Leonard Ellisdon (1885-1968): An Introduction – Writing Lives

Leonard Ellisdon (1885-1968): An Introduction


Autobiography: Introducing Author



In Brixton on the 31st of January 1885 Leonard W. Ellisdon was born to a compositor of a father and a mother who ran a tobacconist’s shop. Born one out of eight children Ellisdon received a good education and attending school from the age of five to fourteen. He then was to search for his first of  many jobs and worked as an office boy. However despite Ellisdons underprivileged background he became what you would call an example of socially mobility and worked his way up in his last job from accountant to co-director.  Living in London for all his life Ellisdon was happily married with four children. He was a lover of choir music and attended church and there events every week. His passions were cut short by his wife’s diagnosis of Parkinson’s disease where he had take care of her full time, until she passed away. Not short after Ellisdon himself had a stroke causing his life to standstill until he died in 1968.

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Leonard W. Ellisdon memoir begins as a series of shorter stories, memories and anecdotes and caught my eye for his humorous prose roughly in the year 1958. Typed up, with slight edits, Ellisdon’s autobiographical memories are linked together in a careful and chronological way, each one heart-warming and easy  to relate to any audience. His writing style is descriptive and narrative, describing all the events that stick out in his life. Ellsidon makes sure the reader know he has an excuse for writing his autobiography, implying his insecurity for his writing ability, this shows in his work throughout. All the short stories that Ellisdon writes are mainly anecdotal and he brings his work alive with his dry whit and excellent sense of humor, making Ellisdon’s character lovable and an attractive narrator.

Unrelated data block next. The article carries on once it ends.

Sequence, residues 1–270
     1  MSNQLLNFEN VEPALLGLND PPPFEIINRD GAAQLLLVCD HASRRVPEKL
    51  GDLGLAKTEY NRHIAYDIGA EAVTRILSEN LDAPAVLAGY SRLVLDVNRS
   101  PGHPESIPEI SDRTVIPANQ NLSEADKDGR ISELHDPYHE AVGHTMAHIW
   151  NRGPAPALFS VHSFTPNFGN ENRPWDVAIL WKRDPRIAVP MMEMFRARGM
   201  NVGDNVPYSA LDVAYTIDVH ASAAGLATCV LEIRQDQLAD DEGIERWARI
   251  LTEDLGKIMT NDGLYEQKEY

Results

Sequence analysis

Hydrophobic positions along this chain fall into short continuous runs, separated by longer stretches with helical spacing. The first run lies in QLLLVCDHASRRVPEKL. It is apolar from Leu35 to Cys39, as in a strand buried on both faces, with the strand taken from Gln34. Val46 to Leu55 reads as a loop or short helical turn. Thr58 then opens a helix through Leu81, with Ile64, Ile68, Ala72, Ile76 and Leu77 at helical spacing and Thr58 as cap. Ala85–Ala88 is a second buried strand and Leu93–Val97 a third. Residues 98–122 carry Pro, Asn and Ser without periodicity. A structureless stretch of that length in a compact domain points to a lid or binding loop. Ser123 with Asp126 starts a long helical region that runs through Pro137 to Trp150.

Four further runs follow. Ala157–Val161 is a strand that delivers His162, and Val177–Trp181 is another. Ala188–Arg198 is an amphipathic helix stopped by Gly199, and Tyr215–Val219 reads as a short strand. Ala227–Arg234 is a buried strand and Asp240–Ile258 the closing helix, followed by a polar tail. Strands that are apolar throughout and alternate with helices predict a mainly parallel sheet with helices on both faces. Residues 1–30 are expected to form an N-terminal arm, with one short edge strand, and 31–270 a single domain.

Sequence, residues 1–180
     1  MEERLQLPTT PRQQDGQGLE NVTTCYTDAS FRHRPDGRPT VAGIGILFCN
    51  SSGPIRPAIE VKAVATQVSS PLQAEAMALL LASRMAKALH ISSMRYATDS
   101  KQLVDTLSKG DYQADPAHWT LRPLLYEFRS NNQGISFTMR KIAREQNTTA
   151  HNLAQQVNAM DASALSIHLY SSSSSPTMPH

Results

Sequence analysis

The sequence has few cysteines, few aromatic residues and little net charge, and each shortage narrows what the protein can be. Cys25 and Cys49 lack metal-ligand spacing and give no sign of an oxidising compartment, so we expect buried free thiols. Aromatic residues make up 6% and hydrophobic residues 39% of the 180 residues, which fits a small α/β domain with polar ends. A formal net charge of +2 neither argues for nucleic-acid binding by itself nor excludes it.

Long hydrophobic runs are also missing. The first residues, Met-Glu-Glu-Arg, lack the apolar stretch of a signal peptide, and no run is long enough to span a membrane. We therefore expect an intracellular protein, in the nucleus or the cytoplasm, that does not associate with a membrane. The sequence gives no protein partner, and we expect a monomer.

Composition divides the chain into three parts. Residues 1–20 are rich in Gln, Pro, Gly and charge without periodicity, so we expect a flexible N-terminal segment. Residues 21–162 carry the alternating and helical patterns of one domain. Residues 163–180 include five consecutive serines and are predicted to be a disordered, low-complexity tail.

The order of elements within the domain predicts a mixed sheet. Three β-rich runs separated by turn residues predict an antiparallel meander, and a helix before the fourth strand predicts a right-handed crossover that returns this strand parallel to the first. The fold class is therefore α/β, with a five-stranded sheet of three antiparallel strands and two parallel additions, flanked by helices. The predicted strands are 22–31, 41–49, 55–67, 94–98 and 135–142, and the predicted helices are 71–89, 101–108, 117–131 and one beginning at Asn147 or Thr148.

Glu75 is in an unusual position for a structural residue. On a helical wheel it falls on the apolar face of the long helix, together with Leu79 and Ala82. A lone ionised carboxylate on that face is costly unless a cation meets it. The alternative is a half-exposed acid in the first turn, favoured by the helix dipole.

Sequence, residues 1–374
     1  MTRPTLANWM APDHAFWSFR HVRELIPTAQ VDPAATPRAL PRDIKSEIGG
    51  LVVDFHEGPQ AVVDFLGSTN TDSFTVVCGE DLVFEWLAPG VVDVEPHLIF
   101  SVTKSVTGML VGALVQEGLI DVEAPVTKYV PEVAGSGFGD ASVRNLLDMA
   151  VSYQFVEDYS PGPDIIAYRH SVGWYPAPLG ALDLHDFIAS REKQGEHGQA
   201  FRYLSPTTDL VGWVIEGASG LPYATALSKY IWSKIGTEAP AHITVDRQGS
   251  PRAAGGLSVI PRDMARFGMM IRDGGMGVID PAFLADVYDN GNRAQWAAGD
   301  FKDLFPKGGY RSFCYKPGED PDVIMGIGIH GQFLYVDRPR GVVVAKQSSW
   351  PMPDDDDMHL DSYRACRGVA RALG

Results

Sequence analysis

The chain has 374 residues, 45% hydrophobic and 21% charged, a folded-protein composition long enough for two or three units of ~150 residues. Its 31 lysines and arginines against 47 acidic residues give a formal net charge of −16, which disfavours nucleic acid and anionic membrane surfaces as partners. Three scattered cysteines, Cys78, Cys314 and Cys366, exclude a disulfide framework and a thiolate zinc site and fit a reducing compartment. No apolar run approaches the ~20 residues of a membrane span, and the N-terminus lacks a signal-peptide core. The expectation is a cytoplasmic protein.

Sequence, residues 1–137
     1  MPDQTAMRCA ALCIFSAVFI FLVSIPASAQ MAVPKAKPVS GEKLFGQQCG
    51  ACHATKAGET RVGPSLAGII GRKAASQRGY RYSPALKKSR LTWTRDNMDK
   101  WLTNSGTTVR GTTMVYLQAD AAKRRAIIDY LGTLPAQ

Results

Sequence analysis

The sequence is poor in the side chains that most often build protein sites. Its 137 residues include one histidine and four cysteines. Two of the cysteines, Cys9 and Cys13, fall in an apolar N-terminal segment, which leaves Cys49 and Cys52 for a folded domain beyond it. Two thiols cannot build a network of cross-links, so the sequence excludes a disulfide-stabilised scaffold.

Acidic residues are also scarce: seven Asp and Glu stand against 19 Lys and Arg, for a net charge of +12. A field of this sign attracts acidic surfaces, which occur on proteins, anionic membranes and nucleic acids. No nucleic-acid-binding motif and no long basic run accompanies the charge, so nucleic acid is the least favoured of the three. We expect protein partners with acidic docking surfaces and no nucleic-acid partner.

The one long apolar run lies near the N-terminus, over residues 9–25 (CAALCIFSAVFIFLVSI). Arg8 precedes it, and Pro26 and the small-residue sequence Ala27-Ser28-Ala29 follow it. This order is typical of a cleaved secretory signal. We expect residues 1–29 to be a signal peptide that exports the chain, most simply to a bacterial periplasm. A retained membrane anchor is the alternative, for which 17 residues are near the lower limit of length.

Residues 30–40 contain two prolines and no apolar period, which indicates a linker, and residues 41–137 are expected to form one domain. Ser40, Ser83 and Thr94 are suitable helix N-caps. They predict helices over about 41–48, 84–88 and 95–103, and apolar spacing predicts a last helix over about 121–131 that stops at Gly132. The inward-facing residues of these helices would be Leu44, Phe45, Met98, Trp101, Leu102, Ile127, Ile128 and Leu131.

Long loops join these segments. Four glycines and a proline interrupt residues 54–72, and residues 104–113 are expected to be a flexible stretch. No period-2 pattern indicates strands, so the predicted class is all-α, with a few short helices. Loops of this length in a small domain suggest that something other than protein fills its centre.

Throughout Ellisdons autobiography there is a wide selection of topics he likes to relay upon the reader. He mentions the time he enjoyed or what he didn’t enjoy referring to his hot headed temper and the fights he got himself in to which carried on throughout the rest of his life. Time he spent looking for a job, working and loosing his jobs stand out and sculptured his life in many ways. Children and Family are not mentioned as one whole short story but always mentioned fondly in the memories he had. Ellisdons’s interests were quite few, cycling and music were some but his love of choir singing is a major theme all the way through his autobiography.

Ellisdon’s story is also a moving one, affected by a serious stroke that had restricted his mobility. He still tries to finds the will and determination to start something he can do even though he has lost the power to carry out basic daily practices and routines. Ellisdon comes across as an inspiring character throughout the memoirs. He loved to attend choir practice which after the stroke was no longer possible. There had been many things taken away from Ellisdon which before had been taken for granted, but still he finds time to laugh and also to encourage others to do what he has done with the hand he has been dealt.

I find strength in his writing, in the fact that he can write so happily and humorously even though he has been drawn a bad hand, and now isn’t able to do or enjoy the thing he loves. I think this autobiography will inspire other people with


 disabilities that are unsure they are capable or don’t have the right skills to produce a piece of writing, because of their incapacity. Not only do people of the same disposition find Ellisdon’s writing interesting but other Scholars such as John Burnett who wrote Destiny Obscure: Autobiographies of Childhood, Education, and Family from the 1820’s to the 1920’s, had written about Ellisdon in his own works more than once. Ellisdon states in his preface he would just be happy and content to put a smile on someone’s face that has been through or had been placed in a similar situation as he.

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